VMI Cadets Research Heavy Loads

Beverley Buchanan ’23 monitors data outside hypoxic chamber as Abaigeal Doody ’23 observes male subject inside the chamber, during their research on stress at VMI. -VMI Photo by Marianne Hause.

Beverley Buchanan ’23 monitors data outside hypoxic chamber as Abaigeal Doody ’23 observes male subject inside the chamber, during their research on stress at VMI. -VMI Photo by Marianne Hause.

LEXINGTON, Va., July 18, 2022—Hiking up a mountain can be a lot of fun, and the view from the top is both a delight to the eyes and to the soul. It is also a great form of exercise. Add a heavy rucksack to a hiker’s back, and the hike can become a strenuous workout for the heart and lungs. Two cadets majoring in biology at Virginia Military Institute, are exploring the subject in their Summer Undergraduate Research Institute (SURI) projects: “Effects of Simulated Altitudes and Load Carriage on Cardiac Output” by Abaigeal Doody ’23, and “The Effects of Heavy Load Carriage and Simulated Altitude on Ventilatory Physiology” by Beverley Buchanan ’23.

Explained by Doody, the heart functions as a pump to supply the body with blood enriched with oxygen. When the heart contracts and all the blood in the ventricles is ejected, the amount of blood pumped during one beat is known as stroke volume (SV). The number of times a heart beats per minute is known as heart rate (HR). Cardiac output is the total volume of blood pumped by the ventricles per minute, the product of HR and SV. “Heart rate is an important indicator of cardiovascular stress and strain. During exercise, the heart rate increases in direct response to increased exercise intensity, to supply working muscles and organs with enough oxygen and nutrients to function. As exercise intensifies, HR approaches a maximum heart rate. Research has shown SV also changes to meet the demands of exercise, up to and including the point of exhaustion,” said Doody.

High altitude locations have low air pressure because air expands as it rises, leaving more room between gas molecules. This decreased air pressure means there is less oxygen available for breathing. The lungs and the heart must work harder to supply the bloodstream with enough oxygen. This causes shortness of breath, increased heart rate, and increased blood pressure.
According to Buchanan, “The delivery of oxygen to the muscles during intense exercise begins with the movement of air into and out of the lungs - breathing. Carrying a heavy load, a common task for soldiers, is known to add to the difficulty of breathing. As the heart and lungs work together to deliver oxygenated blood to the muscles, it is possible that the heart must overwork during such challenging conditions, causing important implications for soldiers engaged on the battlefield.”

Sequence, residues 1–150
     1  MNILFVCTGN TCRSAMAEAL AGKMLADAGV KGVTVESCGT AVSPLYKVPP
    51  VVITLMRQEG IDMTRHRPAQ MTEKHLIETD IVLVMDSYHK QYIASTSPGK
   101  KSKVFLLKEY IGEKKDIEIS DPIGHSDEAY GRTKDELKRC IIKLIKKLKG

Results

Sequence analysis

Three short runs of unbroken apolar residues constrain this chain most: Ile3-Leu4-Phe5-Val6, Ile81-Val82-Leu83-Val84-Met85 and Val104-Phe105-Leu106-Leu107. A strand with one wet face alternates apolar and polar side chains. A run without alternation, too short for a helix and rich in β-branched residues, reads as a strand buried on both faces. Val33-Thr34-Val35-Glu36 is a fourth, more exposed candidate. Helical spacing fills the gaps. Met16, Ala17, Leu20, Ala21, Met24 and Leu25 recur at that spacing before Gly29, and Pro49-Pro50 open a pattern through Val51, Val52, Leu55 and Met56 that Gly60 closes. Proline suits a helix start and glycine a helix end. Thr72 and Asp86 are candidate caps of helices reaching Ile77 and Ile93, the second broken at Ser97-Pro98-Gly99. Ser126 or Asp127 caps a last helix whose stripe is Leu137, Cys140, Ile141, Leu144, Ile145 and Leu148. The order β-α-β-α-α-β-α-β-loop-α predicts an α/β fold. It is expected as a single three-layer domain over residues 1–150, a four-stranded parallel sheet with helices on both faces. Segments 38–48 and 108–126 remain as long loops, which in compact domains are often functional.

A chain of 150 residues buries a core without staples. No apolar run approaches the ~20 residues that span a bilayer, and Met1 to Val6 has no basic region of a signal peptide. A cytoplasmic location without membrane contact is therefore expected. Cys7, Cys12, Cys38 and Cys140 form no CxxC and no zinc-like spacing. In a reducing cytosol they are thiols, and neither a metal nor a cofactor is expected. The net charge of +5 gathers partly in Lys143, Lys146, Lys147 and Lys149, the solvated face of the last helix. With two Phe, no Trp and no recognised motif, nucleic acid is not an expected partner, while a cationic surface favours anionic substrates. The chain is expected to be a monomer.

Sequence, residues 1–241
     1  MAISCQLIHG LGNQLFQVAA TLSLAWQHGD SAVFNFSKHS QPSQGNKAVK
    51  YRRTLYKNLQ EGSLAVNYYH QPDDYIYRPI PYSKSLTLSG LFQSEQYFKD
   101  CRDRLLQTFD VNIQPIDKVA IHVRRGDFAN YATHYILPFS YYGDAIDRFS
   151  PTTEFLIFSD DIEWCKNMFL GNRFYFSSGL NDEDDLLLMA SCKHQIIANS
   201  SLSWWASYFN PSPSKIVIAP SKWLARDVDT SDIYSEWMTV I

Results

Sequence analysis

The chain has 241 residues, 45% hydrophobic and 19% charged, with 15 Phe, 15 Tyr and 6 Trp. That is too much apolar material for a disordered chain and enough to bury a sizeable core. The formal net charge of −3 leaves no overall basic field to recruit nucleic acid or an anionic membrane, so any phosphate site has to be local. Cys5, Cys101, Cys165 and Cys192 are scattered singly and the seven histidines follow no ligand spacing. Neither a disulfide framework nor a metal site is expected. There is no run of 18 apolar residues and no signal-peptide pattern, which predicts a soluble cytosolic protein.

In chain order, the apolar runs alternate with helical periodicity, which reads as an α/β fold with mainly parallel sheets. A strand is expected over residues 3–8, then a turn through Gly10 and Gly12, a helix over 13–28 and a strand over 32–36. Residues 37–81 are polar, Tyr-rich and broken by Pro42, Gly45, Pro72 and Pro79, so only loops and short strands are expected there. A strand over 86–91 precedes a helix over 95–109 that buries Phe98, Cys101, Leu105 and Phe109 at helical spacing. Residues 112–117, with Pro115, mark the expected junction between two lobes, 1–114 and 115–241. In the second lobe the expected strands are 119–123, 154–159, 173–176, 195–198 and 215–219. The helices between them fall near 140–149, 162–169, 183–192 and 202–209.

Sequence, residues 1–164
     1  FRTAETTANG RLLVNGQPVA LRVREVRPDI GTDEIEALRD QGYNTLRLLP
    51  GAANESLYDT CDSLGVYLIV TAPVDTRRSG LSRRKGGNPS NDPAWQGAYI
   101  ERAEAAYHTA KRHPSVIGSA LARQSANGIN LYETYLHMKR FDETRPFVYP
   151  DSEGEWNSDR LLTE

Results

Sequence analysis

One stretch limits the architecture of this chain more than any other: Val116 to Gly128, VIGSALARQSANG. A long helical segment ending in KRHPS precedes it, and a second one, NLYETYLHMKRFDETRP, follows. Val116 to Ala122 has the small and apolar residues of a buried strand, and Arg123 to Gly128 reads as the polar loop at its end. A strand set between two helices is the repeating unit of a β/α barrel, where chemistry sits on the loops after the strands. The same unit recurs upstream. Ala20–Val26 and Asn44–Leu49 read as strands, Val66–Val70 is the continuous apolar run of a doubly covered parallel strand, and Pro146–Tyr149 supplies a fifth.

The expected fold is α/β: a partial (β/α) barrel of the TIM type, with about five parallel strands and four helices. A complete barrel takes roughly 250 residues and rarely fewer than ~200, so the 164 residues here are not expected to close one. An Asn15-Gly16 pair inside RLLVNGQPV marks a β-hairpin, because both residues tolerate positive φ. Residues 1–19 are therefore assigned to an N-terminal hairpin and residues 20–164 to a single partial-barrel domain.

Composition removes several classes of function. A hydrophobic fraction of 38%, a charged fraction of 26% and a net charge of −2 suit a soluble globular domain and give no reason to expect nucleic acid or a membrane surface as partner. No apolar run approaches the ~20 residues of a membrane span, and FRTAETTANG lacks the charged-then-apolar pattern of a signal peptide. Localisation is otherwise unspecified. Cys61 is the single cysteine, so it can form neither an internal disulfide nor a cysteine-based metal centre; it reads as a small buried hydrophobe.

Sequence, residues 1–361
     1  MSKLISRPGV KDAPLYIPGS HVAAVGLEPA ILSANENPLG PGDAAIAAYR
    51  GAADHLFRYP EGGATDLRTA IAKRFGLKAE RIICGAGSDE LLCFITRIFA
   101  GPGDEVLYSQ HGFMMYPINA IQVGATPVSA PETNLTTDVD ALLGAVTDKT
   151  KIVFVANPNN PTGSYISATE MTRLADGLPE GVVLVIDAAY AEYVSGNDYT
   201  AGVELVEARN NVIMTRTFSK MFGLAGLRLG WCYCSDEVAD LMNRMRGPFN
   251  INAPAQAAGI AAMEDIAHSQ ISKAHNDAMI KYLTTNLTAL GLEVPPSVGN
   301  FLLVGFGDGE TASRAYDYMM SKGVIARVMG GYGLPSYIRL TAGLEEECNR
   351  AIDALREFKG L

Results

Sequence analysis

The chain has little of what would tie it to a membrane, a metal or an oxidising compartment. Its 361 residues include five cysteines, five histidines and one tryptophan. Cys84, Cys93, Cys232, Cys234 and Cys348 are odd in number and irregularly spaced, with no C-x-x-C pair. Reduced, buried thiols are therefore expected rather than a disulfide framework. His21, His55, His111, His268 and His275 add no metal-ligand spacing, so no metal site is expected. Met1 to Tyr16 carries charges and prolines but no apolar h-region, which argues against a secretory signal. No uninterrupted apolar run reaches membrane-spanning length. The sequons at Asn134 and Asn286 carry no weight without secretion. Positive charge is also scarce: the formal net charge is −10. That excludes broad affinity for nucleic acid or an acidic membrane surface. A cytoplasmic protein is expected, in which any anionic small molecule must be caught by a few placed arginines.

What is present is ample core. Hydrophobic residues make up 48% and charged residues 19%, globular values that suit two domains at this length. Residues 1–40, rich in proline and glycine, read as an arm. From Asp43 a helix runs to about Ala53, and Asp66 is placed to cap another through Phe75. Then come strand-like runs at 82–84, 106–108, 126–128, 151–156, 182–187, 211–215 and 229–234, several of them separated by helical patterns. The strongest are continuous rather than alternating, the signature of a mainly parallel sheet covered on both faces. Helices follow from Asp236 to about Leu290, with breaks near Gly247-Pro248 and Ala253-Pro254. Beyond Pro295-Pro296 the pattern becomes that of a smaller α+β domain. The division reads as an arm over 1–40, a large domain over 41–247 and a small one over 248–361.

The research involves healthy male subjects who will be tested on six separate occasions, having to perform exercise tests in the hypoxic chamber, which simulates a high-altitude environment. First a baseline for oxygen consumption will be established through three exercise tests. The first test will be without weight (unloaded) with normal oxygen levels. The second test with be with a 65-pound rucksack (loaded). The third test with be loaded under hypoxic conditions of 12,000 feet.
After those three tests have been completed, three walking tests will be done for comparison, with varying weight loads, speeds, and oxygen levels.

“The military does not stop when they reach high altitudes or when they need to carry everything on their backs, so results of the study will provide more insight into the effects carrying a heavy load at high altitudes has on the body’s ability to get oxygen to the muscles and all other vital organs. The effects of load carriage at altitude on cardiac output are mostly unknown. By furthering our understanding of altitude and load carriage on cardiac output, we can begin to further understand how to help make it easier on the body,” said Doody.

The cadets’ advisors on the project, Maj. Dan Baur, assistant professor in human performance and wellness (formerly known as physical education), and Capt. Katie Baur, instructor in human performance and wellness, have been pleased with the research. “Buchanan and Doody have assisted me with research at various points over the last year, and I’ve been lucky to have them. They have worked hard, and I believe their efforts will result in data that they can present at a national conference and publish in a prominent journal. Their project will likely have important implications for the health and performance of soldiers, and both understand and value their role is producing knowledge that may someday support their peers who serve,” said Dan.

Katie added, “Buchanan and Doody have each embraced their individual roles in the research process and take their responsibilities seriously. They work well alongside one another and ask questions that exemplify their interest and understanding of our larger research question.

Doody is from Ladera Ranch, California, where she attended Tesoro High School. After graduation, she plans to go to graduate school where she will pursue a degree in physical therapy.

Buchanan is from Richmond, Virginia where she attended Open High School. After graduation, she plans to go to graduate school where she will study sports medicine or pharmacy.

Marianne Hause
Communications & Marketing
VIRGINIA MILITARY INSTITUTE

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